Reed’s National Hardware Show
grew in Vegas.
The split between the 104-year-old American
Hardware Manufacturers Association and trade show behemoth Reed
Exhibitions has played out like a vicious divorce with power
After 27 years producing the National Hardware Show together in
Chicago, in March 2003 the two groups bitterly parted ways, laying
the foundation for rival trade shows in spring 2004. Both events
are now history, and the results seem to favor Reed.
Following last year’s rift, each organization staked out its
turf: The Shaumburg, Ill.-based AHMA scheduled a new event in
nearby Chicago, while Norwalk, Conn.-based Reed Exhibitions packed
up its tool show for Las Vegas, to run less than a month later.
But the first of this year’s dueling tool extravaganzas the
AHMA Hardware Show, which ran April 18-20 at Chicago’s McCormick
Place drew just 700 exhibitors and mixed reviews. For some,
attendance was disappointing. “If you’re going to compare it with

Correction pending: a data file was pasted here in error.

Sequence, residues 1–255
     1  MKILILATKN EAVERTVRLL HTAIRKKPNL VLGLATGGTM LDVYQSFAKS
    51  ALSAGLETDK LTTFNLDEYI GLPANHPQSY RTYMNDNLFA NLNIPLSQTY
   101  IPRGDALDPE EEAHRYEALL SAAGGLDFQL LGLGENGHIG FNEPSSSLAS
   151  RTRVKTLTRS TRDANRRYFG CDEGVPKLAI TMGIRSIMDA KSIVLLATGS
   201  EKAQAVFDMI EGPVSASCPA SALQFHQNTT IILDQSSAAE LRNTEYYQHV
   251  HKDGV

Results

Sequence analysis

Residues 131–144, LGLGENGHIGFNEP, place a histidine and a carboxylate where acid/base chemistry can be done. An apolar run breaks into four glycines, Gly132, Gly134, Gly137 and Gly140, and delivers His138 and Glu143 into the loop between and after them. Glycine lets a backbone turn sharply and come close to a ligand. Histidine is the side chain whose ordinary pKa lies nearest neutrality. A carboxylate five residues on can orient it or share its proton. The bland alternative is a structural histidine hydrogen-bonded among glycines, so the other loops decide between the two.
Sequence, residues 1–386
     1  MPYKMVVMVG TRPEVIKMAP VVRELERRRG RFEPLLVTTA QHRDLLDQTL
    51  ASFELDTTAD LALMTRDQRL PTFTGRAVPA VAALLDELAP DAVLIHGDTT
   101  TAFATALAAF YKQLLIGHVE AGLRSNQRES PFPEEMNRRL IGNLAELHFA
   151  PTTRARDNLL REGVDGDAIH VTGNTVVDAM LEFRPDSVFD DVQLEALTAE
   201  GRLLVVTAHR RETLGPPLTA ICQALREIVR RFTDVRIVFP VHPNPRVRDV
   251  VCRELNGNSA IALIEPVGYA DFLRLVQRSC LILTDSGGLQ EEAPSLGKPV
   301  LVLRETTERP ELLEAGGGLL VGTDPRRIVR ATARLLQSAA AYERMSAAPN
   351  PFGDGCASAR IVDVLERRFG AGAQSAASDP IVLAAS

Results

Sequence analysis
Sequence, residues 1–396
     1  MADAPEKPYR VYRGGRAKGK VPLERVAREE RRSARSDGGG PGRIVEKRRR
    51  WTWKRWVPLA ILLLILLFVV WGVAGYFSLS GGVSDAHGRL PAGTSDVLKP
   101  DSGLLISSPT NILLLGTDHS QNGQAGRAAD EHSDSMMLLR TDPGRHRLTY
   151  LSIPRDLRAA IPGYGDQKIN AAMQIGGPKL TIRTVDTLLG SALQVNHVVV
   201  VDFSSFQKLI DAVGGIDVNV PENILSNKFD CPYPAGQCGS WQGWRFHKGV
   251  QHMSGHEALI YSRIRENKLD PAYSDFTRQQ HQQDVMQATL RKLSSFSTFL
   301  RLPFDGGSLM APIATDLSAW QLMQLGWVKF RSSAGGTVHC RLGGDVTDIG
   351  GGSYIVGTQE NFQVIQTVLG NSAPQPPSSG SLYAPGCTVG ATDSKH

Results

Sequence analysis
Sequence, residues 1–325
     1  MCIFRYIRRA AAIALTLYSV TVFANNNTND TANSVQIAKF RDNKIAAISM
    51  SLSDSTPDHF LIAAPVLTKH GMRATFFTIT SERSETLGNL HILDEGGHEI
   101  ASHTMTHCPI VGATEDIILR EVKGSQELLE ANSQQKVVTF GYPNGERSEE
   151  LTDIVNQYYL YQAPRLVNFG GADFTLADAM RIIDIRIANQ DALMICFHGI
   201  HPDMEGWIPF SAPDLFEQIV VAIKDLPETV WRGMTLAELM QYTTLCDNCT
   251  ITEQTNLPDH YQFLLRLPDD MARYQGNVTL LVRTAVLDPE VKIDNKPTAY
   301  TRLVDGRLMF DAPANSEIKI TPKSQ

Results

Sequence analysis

previous years, there’s a huge difference, with this one being
tiny,” said Janice Coughlin, a buyer for Plow & Hearth, the
home catalogue based in Madison, Va.
Next, Reed staged its first Las Vegas tool exhibition at the
Sands Expo & Convention Center from May 10-12. The trade show
company, which still owns the National Hardware Show moniker,
called its event a huge success.
"It’s the first time we’ve grown in both square- footage and
exhibitors since 1999,” said Rob Cappiello of Reed Exhibitions’
National Hardware Show. According to Cappiello, the Las Vegas debut
featured 2,300 exhibitors in 483,000 square feet of exhibition
space. Moreover, the 2005 show will span two convention facilities:
the Sands Center and the Las Vegas Convention Center.
In the meantime, a pending federal lawsuit filed by the AHMA,
claiming that Reed used illegal accounting tricks to inflate
charges to past National Hardware Show exhibitors, has further
ratcheted tensions between the ex-partners. “Reed has resorted to
illegal and unethical activity. This lawsuit holds them
accountable,” said Tim Farrell, CEO of the AHMA.
Reed’s Cappiello saw the AHMA’s legal maneuver in a different
light: “I can say the lawsuit is completely without merit, and we
expect to be totally vindicated,” he said.